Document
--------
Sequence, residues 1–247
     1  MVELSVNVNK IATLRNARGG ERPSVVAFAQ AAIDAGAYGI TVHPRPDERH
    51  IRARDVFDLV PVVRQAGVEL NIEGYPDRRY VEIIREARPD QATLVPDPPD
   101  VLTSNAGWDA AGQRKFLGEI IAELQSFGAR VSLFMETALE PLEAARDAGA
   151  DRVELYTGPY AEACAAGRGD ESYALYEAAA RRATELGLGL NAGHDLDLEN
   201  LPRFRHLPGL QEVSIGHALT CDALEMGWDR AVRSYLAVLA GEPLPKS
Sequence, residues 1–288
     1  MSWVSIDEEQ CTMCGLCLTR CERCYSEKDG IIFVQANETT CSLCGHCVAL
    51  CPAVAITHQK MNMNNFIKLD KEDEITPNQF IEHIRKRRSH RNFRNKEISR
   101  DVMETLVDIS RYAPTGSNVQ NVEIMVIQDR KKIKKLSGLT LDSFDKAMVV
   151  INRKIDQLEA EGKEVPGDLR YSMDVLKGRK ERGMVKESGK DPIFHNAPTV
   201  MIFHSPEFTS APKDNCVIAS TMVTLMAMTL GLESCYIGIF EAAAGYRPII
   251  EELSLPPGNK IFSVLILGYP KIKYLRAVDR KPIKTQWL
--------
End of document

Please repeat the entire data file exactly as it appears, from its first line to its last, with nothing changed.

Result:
Sequence, residues 1–247
     1  MVELSVNVNK IATLRNARGG ERPSVVAFAQ AAIDAGAYGI TVHPRPDERH
    51  IRARDVFDLV PVVRQAGVEL NIEGYPDRRY VEIIREARPD QATLVPDPPD
   101  VLTSNAGWDA AGQRKFLGEI IAELQSFGAR VSLFMETALE PLEAARDAGA
   151  DRVELYTGPY AEACAAGRGD ESYALYEAAA RRATELGLGL NAGHDLDLEN
   201  LPRFRHLPGL QEVSIGHALT CDALEMGWDR AVRSYLAVLA GEPLPKS
Sequence, residues 1–288
     1  MSWVSIDEEQ CTMCGLCLTR CERCYSEKDG IIFVQANETT CSLCGHCVAL
    51  CPAVAITHQK MNMNNFIKLD KEDEITPNQF IEHIRKRRSH RNFRNKEISR
   101  DVMETLVDIS RYAPTGSNVQ NVEIMVIQDR KKIKKLSGLT LDSFDKAMVV
   151  INRKIDQLEA EGKEVPGDLR YSMDVLKGRK ERGMVKESGK DPIFHNAPTV
   201  MIFHSPEFTS APKDNCVIAS TMVTLMAMTL GLESCYIGIF EAAAGYRPII
   251  EELSLPPGNK IFSVLILGYP KIKYLRAVDR KPIKTQWL